Case Study: Hillsborough County Public Schools

Educators and students alike are making the transition to rigorous new standards and aligned assessments in an effort to improve outcomes among all students, regardless of their background, family income or race. What we’ve seen in Hillsborough County Public Schools (HCPS) in Florida, where my school is located, is that doubling down on high standards–instead of slowing down and focusing on repetition–is the best way to help struggling learners.
Five years ago, HCPS was below the state average on the passing rate on end-of-year algebra assessments and behind peer districts such as Broward County. To increase the number of students passing Algebra I, HCPS launched a major initiative to help more struggling students achieve success in Algebra I. After completing a successful one-year pilot in five schools in fall 2012, the district implemented the Intensified Algebra intervention system for teaching and learning from Agile Mind, district-wide the following year.
According to the most recent data, since Intensified Algebra it was implemented district-wide, the pass rate on the Algebra I standardized test has increased by 21% —the highest increase among similar districts across the state. At King High School, our school nearly tripled the percentage of students passing the exam in the two-year period we have been using Agile Mind.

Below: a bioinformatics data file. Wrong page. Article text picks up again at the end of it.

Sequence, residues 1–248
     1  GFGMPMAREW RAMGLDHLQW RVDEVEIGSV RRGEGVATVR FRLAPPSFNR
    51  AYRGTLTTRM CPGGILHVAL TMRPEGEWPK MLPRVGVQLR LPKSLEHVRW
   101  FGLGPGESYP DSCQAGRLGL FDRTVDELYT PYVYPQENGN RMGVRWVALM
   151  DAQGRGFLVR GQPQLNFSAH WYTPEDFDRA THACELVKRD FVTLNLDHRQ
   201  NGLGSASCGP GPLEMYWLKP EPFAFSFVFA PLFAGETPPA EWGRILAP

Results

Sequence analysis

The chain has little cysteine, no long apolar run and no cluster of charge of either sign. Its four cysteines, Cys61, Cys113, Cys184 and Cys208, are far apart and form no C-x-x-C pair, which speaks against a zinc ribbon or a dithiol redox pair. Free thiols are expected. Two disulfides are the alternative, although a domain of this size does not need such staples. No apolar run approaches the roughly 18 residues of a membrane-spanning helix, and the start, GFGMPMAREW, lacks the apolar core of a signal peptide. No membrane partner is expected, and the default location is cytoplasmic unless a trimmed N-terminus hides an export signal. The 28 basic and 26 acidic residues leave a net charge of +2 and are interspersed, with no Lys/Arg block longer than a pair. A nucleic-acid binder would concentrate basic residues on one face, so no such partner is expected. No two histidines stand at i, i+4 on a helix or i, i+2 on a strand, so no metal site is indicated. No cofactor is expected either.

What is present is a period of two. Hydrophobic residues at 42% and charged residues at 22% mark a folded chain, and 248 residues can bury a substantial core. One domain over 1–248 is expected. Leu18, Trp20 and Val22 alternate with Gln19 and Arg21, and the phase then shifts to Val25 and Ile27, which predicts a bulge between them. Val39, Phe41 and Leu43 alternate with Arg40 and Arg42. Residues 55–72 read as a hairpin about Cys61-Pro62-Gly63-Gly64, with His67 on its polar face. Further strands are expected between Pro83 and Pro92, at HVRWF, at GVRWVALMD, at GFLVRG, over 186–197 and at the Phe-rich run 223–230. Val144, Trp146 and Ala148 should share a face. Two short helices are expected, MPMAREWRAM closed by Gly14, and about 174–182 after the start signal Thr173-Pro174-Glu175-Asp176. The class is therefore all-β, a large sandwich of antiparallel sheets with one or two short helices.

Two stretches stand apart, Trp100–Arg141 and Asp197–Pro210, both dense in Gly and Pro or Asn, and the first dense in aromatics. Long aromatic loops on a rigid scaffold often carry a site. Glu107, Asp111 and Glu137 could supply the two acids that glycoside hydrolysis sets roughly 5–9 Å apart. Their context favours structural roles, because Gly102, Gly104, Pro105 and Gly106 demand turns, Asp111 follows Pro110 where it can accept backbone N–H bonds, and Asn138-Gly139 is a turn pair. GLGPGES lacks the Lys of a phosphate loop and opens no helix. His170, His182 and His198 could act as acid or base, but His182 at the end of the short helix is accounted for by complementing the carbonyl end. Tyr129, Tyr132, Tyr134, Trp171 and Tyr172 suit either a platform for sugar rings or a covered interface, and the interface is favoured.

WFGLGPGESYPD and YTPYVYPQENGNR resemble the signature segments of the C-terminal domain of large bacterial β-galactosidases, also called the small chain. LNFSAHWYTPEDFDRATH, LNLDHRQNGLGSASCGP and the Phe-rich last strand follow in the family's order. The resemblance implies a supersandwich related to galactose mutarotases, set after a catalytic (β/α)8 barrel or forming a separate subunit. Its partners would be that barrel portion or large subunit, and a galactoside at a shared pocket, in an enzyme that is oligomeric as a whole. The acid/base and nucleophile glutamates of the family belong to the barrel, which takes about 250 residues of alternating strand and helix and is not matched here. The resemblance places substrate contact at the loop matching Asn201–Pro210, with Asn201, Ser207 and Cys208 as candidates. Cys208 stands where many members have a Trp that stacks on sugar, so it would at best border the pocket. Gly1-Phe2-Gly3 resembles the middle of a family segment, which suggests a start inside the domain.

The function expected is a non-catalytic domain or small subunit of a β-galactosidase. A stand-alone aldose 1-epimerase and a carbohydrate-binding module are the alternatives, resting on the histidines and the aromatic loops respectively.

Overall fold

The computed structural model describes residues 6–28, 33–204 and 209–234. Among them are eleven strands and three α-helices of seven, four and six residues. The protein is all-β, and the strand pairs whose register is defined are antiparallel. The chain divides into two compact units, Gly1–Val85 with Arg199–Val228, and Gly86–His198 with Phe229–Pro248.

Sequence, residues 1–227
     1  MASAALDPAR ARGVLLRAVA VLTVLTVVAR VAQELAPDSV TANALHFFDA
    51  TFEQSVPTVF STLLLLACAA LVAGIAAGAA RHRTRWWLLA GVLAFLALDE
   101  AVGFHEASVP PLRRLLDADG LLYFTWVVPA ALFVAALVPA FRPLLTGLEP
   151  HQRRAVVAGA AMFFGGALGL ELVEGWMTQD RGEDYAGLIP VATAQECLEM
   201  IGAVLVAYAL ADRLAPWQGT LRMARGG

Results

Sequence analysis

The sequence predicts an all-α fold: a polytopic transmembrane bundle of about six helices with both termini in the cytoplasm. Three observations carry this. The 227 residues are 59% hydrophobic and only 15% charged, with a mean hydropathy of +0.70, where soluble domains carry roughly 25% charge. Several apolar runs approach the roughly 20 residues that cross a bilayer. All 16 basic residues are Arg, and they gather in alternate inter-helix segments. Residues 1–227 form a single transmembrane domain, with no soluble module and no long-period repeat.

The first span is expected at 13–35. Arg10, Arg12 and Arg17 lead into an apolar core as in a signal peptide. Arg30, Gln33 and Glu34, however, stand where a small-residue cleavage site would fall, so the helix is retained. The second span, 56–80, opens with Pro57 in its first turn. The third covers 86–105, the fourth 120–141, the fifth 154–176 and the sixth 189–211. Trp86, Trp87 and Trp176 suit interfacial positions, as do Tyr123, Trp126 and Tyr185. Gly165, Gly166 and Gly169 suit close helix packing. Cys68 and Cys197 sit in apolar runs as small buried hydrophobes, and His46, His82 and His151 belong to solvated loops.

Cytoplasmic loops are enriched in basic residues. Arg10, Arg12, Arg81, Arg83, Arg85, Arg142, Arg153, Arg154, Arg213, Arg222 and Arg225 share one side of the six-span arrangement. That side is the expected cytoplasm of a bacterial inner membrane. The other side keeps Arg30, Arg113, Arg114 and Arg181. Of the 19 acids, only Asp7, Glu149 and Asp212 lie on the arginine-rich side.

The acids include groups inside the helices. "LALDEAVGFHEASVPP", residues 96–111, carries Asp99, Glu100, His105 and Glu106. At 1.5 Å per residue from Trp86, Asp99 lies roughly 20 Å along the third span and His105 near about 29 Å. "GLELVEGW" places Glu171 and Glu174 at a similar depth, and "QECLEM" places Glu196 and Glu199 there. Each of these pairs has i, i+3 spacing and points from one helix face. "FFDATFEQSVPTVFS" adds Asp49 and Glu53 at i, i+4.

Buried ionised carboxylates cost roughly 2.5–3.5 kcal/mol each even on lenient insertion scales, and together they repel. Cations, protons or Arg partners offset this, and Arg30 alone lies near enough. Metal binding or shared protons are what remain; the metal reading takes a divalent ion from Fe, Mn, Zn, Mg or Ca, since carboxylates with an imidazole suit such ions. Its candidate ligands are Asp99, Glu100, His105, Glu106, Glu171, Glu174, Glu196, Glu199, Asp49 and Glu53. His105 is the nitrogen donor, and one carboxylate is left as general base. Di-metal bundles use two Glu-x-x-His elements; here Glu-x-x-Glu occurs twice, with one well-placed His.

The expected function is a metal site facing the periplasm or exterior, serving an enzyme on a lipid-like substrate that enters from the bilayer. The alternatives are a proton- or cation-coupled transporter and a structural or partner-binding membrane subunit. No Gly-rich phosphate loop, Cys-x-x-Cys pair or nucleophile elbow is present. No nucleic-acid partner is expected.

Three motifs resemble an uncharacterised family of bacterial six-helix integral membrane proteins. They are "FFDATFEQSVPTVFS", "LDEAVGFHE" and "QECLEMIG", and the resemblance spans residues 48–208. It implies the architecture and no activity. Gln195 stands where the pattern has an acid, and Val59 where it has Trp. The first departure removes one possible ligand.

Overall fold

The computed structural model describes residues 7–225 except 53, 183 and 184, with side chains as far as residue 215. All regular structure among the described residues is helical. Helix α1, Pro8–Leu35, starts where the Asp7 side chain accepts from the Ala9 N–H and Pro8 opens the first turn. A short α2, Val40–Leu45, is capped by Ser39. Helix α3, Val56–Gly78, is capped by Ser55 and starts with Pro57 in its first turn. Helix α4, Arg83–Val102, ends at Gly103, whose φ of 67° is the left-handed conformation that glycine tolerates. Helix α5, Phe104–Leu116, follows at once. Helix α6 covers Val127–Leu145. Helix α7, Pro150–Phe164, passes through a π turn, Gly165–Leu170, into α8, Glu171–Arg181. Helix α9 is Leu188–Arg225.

This marked improvement was astonishing for the students who routinely underachieved. We were able to achieve these results by increasing the rigor of math instruction specifically to help students build non-cognitive skills and confidence, at the same time they were building their math skills. By shifting from a strategy of remediation to one of intensification, we can help students develop a stronger foundation in the skills they need to be successful for college and beyond.
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Lawrence Smith is an instructional coach at King High School in Tampa, Florida. Follow them on Twitter: @MrLcSmith.

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Martin Sumichrast

Hi, Its really very interesting post. The ways to reboot are very interesting, love it.

Michael Smith

It gives teachers that really want to make a change, the (research based) tools necessary to make that change. It takes a lot of work and dedication to implement with extensive training. Teaching is not the same anymore, especially with new standards. This program complemented those shifts at the right time. Teachers (such as the author Lawrence Smith and Donna DeSena) have worked very hard to make it work and the results are showing. We are not only proud of our teachers but our students that see we are trying to make their future something they can now see has hope. We are now hearing students say mathematics is their favorite subject. That makes it worth the effort.


Sounds great, and I would like to learn a lot more. What does increasing rigor look like? I’d love more examples and real world activities. Where can I go to gain expertise in these new methods? Btw I’m a teacher.


Erik Day

Hi Gerry, glad to hear you liked this article! And thanks for the comment. If you're looking for more, we've compiled a list of all of our "math teacher resources" here: http://www.gettingsmart.com/tags/math-teacher-resources/. Hope that's helpful!